Managua, Nicaragua — In the next few months, the Sandinistas have three alternatives if they want to lower tensions with their internal and international critics. They can: 1. Seek real progress in current negotiations with the United States.
2. Hold free and fair elections this November.
3. Respond to signals from Eden Pastora and other opposition leaders in exile. The opposition leaders have said they would be willing to come to terms with the ruling Sandinista National Liberation Front (FSLN) if the Sandinistas moderate their course.
Any one or a combination of these alternatives could be used to satisfy most of their critics and to achieve a national reconciliation.
If the Sandinistas choose none of these courses of action by the end of the year, it is highly probable they will face increased pressures from the US and from the Latin American and West European governments run by Social Democrats.
Many Sandinistas feel that elections are the quickest way for the FSLN to obtain national and international legitimacy without having to concede much power.
In spite of popularity slips, the Sandinistas probably could win elections without resorting to outright fraud. Although there is much popular discontent, none of the existing opposition parties is likely to be able to capitalize enough on that discontent to win. The traditional opposition parties were kept weak by longtime dictator Anastasio Somoza Debayle and discredited by the revolution. Even many of the Nicaraguan common people who now dislike the Sandinistas still consider the old opposition parties as ineffective representatives of a discredited elite. Under five years of Sandinista rule the parties have been further weakened by harassment.
Furthermore, Sandinista control of Nicaraguan society is strong, and the Central American tradition of people voting as they really think is weak here. The Sandinistas probably have a large chunk of automatic votes already, just counting up the numbers of Army and militia members and public employees.
Thus many in the internal opposition and even some of Nicaragua's Social Democratic allies are arriving at the conclusion that elections alone will not be enough to satisfy the Sandinistas' critics at home and abroad.
The Nicaraguan opposition therefore is focusing not just on the holding of free elections in November, but also on the arrangements the Sandinistas are willing to make that would give the private sector, the middle classes, and opposition parties a share of power even after a Sandinista election victory.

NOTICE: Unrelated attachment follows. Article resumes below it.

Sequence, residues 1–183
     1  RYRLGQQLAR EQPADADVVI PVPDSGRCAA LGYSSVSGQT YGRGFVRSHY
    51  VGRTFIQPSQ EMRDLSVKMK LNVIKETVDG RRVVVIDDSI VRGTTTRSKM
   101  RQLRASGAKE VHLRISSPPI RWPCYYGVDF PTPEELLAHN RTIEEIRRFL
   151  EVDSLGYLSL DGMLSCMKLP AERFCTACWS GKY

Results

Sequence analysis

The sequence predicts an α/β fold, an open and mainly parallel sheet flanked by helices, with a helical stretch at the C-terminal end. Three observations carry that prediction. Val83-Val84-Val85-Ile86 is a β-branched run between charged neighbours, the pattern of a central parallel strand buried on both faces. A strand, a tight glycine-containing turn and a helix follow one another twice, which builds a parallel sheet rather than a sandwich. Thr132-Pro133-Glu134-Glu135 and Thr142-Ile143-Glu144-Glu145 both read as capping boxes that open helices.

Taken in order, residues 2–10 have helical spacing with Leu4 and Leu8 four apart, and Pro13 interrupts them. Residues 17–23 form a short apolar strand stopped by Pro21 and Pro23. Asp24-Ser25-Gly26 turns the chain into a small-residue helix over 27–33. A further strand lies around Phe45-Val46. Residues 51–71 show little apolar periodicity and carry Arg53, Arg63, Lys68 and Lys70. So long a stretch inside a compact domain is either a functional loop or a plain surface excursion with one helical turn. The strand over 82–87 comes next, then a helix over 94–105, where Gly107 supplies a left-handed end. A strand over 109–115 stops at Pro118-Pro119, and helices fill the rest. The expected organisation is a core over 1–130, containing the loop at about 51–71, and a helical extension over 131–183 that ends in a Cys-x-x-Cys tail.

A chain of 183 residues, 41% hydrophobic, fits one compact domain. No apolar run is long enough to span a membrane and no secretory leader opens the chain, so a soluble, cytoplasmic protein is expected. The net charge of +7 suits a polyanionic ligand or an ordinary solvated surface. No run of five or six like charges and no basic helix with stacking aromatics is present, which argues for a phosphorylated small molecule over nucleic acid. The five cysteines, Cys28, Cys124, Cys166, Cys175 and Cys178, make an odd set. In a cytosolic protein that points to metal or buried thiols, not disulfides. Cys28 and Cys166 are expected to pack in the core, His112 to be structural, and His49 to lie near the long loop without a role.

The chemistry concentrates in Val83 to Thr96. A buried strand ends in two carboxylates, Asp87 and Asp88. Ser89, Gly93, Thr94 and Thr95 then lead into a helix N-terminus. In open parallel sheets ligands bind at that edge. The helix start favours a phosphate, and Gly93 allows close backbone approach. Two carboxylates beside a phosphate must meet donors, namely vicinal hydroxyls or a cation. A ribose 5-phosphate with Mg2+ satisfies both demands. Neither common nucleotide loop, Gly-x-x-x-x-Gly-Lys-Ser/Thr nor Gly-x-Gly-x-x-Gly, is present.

The most prominent potential opposition candidate, Arturo Cruz Porras - a one-time member of the Sandinista junta and a former ambassador to the US - thinks of the election as a potential vehicle of ''national reconciliation'' regardless of who wins.
The strategy of the traditional parties is to register candidates and to campaign for office if the Sandinistas comply with certain minimum electoral conditions. The strategy calls for the parties to withdraw from the election process later if they think the Sandinistas are not sponsoring a free vote.
US policy, say Nicaraguan opposition leaders and American officials, has recently evolved from one of saying little about the vote to one of discreetly encouraging the parties to participate.
For the Sandinistas, the elections could be a vehicle for ''national reconciliation,'' or an excuse for radicalization. FSLN radicals reportedly are pushing for a strong anti-US campaign. Such a campaign could serve as a justification for a sharp turn to the left. The Sandinistas could also swing further left if opposition parties refuse to participate in the vote.
Any decision about concessions to be made in sharing power with non-Sandinistas after the election would probably widen the gap between the more pragmatic Ortega brothers (FSLN directorate members Daniel and Humberto) and the radicals.
However, with the announcement this week that Daniel Ortega will be the FSLN presidential candidate, the election will give him control of the government machinery while brother Humberto will remain chief of the armed forces. This arrangement would provide an excellent power base for the Ortegas to negotiate both reconciliation with the opposition and a settlement with the US. A complete failure of the election would make negotiations with the US more difficult.
The least predictable alternative is negotiation with Eden Pastora. Pastora has offered to lay down arms if the election is free. Unofficially Pastora indicated a willingness to negotiate and rejoin the Sandinistas if they remove some radicals from the directorate.
The first article appeared July 17.